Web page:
"Dear White People" still
"Dear White People" still

The 43rd edition of New Directors/New Films kicks off tonight at MoMA and continues through March 30th. Presented by the Film Society of Lincoln Center and MoMA, the event will offer 27 feature films from around the world -- all of which are first or second features.

Indiewire's team has 10 suggestions for what to take in at the festival below. For more information, check out the New Directors/New Films website.

"The Babadook"
Australian director Jennifer Kent's increasingly frightening portrait a single woman (Essie Davis) whose husband died years earlier and her young child Sam (Noah Wiseman) is a haunting psychological horror show.  Early on, when the mother reads her son the titular bedtime story she discovers in their new home, both become immediately spooked by the possibility of its subject — a shadowy, monstrous figure called The Babadook — could invade their lives at any moment. While the characters grow increasingly terrified, it's never quite clear if we're seeing the lonely woman's version of events or a bonafide haunted house story. Equal parts "Rosemary's Mary" and "Insidious," Kent's tense debut delivers on the frights while riddling them with ambiguity. Ultimately, "The Babadook" refuses to determine whether we're watching a monster movie or the perils of an overactive imagination, which might be worse. Read our full review here.

Joel Potrykus' nutty debut feature "Ape" followed the exploits of a deranged standup comedian struggling to make ends meet. "Buzzard" is similarly focused on a man at the bottom of the economic food chain battling to get by while stirring up trouble in every direction. It's also a genuinely brilliant contemporary satire of workplace frustrations. Like "Office Space" on crack, the movie revolves around a wry young schemer ("Ape" star Joshua Burge) who casually steals money from the bank that employs him while wasting his days with an equally directionless pal eating chips and playing videogames in a basement lair dubbed "the party zone." But when his scams catch up to him, the character gradually loses his mind in a series of increasingly surreal and surprising developments that involve -- among many other things -- a treadmill, a makeshift Freddy Krueger glove, and one very long take involving pasta. By the end, like Martin Scorsese's "After Hours," Potrykus' labyrinthine farce is so compellingly weird you just have to roll with it and accept it for what it is: an astute look at what it means to attempt an escape from the system and wind up devoured by it.

The Double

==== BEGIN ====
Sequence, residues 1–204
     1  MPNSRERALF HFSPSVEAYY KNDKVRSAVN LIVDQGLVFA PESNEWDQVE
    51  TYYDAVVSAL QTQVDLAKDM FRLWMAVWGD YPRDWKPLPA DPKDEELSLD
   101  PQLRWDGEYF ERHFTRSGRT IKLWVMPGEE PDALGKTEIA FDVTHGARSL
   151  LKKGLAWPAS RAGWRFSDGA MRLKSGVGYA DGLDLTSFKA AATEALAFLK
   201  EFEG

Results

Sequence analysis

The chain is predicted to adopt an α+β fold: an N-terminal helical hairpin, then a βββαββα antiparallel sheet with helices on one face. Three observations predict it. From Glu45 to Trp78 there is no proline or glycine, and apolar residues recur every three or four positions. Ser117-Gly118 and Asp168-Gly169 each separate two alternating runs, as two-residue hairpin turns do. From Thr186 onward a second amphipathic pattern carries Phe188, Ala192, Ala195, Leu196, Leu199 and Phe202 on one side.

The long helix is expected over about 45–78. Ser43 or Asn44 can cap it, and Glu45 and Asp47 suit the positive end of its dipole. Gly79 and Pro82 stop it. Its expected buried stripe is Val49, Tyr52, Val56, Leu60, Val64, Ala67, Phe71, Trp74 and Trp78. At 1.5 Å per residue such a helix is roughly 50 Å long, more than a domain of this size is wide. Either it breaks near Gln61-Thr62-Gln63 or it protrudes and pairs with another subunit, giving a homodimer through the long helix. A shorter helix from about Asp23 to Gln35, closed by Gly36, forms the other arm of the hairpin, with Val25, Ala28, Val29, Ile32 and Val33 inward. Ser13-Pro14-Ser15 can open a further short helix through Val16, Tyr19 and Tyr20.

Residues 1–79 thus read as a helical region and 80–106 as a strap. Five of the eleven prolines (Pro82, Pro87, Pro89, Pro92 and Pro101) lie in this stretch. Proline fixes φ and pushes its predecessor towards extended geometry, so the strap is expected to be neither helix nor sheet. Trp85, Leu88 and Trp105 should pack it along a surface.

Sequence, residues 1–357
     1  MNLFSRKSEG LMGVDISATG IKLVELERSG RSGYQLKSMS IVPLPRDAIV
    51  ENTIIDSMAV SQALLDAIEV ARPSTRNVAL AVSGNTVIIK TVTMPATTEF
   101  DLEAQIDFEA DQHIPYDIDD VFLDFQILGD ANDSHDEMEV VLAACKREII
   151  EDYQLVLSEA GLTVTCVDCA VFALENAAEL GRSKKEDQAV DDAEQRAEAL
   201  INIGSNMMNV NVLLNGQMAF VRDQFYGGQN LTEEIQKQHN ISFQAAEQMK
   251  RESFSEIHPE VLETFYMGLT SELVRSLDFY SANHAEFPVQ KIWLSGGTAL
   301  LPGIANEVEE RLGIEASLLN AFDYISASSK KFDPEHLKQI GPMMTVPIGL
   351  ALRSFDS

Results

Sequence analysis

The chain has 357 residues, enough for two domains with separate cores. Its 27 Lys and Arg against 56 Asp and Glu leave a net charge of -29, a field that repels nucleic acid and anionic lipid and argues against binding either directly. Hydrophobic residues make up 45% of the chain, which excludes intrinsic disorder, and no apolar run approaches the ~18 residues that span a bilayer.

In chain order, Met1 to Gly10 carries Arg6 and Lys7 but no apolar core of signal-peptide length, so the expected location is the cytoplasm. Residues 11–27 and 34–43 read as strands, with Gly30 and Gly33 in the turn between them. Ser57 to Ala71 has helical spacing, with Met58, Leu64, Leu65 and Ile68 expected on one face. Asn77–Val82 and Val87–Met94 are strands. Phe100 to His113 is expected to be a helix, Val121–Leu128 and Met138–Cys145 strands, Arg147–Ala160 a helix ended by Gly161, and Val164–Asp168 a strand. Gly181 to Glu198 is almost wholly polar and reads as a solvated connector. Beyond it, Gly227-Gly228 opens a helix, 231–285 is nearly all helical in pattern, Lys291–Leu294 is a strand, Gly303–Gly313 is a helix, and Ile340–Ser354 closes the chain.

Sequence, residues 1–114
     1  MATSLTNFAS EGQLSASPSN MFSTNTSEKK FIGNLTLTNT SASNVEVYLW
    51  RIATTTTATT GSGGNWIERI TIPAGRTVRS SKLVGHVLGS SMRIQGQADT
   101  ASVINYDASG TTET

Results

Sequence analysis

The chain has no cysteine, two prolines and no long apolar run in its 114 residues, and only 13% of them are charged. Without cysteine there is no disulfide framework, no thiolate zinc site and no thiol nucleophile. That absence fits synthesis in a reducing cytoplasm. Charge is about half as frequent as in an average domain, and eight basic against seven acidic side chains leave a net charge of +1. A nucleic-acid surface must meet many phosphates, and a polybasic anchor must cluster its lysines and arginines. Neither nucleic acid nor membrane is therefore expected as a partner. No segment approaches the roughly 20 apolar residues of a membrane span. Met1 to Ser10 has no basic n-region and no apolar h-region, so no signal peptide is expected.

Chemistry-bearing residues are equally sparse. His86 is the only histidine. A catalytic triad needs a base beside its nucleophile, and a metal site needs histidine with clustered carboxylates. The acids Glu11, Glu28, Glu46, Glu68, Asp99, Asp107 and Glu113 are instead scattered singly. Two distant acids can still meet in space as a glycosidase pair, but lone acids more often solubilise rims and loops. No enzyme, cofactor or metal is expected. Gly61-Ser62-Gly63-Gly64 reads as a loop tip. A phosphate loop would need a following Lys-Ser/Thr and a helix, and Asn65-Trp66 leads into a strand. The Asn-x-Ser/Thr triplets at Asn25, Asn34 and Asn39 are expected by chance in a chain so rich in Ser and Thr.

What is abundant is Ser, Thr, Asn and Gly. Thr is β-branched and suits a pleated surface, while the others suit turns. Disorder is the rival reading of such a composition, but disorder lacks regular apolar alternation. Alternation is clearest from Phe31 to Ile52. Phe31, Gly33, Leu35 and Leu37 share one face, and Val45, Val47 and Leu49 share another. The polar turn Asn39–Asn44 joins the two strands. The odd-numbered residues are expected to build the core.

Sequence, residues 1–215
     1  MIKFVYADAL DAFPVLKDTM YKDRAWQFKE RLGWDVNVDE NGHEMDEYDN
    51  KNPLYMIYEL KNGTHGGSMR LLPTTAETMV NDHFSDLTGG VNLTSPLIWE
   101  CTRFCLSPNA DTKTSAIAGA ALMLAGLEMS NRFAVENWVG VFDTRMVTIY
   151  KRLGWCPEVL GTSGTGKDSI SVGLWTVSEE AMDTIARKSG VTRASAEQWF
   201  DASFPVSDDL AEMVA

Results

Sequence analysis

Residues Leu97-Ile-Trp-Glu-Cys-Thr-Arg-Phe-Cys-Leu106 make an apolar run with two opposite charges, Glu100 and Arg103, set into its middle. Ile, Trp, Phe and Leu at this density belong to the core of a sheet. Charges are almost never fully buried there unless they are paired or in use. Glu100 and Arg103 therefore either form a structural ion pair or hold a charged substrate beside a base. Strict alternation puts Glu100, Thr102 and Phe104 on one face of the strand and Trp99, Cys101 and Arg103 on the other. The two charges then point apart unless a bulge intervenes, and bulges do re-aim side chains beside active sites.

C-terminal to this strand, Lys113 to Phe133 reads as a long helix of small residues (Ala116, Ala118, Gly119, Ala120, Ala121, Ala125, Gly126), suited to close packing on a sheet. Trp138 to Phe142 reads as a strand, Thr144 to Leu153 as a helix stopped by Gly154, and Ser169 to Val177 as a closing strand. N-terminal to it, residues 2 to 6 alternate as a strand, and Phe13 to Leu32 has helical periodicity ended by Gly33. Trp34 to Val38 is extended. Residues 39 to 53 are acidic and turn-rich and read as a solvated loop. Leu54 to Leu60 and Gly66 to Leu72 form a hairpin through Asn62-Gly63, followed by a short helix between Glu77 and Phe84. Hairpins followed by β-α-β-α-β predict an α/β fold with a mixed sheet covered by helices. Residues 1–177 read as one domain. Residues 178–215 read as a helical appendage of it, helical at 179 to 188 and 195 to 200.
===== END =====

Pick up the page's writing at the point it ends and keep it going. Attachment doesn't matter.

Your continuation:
"Dear White People"
A bonafide satire of the Obama age, writer-director Justin Simien's persistently funny "Dear White People" perceptively skewers virtually every facet of racial confusion in modern American society. While black comedians like Dave Chapelle and Chris Rock have provided searing insight into the absurdities of lingering racial tensions, Simien consolidates much about the paradoxes explored in those acts and many others into a wildly enjoyable and scathing farce. By exploring the heated debates between white and black students at an upscale college, Simmien both mocks and provokes the nature of our seemingly progressive times by illuminating misguided assumptions and fears embedded in forward-thinking discourse. But Simien's relentless screenplay is never too self-serious or didactic, instead pairing culturally-savvy brains with a goofy grin. Read our full review here.

"The Double"
Following up his wonderful directorial debut "Submarine," British comedian and filmmaker Richard Ayoade literally doubles up for his darker follow-up, "The Double." Loosely based on Dostoevsky’s 1846 novella, the film stars Jesse Eisenberg as both miserable introvert Simon James and James Simon, his affable doppelgänger and essential polar opposite.  As the relationship between the two men spirals out of control, "The Double" confirms Ayoade as a considerable new voice in comedic cinema. It's also aided by a remarkable supporting cast, including the likes of Wallace Shawn, Mia Wasikowska, Sally Hawkins, Paddy Considine, and Chris O’Dowd.

"A Girl Walks Home Alone at Night"
For centuries, vampires have provided handy metaphors for social and physical dilemma, but in the stylishly muted deadpan romance "A Girl Walks Home Alone at Night," the threat is personal. Writer-director Ana Lily Amirpour's stunning debut, produced by Elijah Wood, follows the experiences of a small Iranian town haunted by a vampiric presence who's just as lonely as the other locals. Shot in gorgeously expressionistic black-and-white and fusing multiple genres into a thoroughly original whole, Amirpour has crafted a beguiling, cryptic and often surprisingly funny look at personal desire that creeps up on you with the nimble powers of its supernatural focus. The director combines elements of film noir and the restraint of Iranian New Wave cinema with the subdued depictions of a bored youth culture found in early Jim Jarmusch…the comparisons go on and on, but the result is wholly original. A hip new discovery in desperate need of the cult attention it deserves. Read our full review here.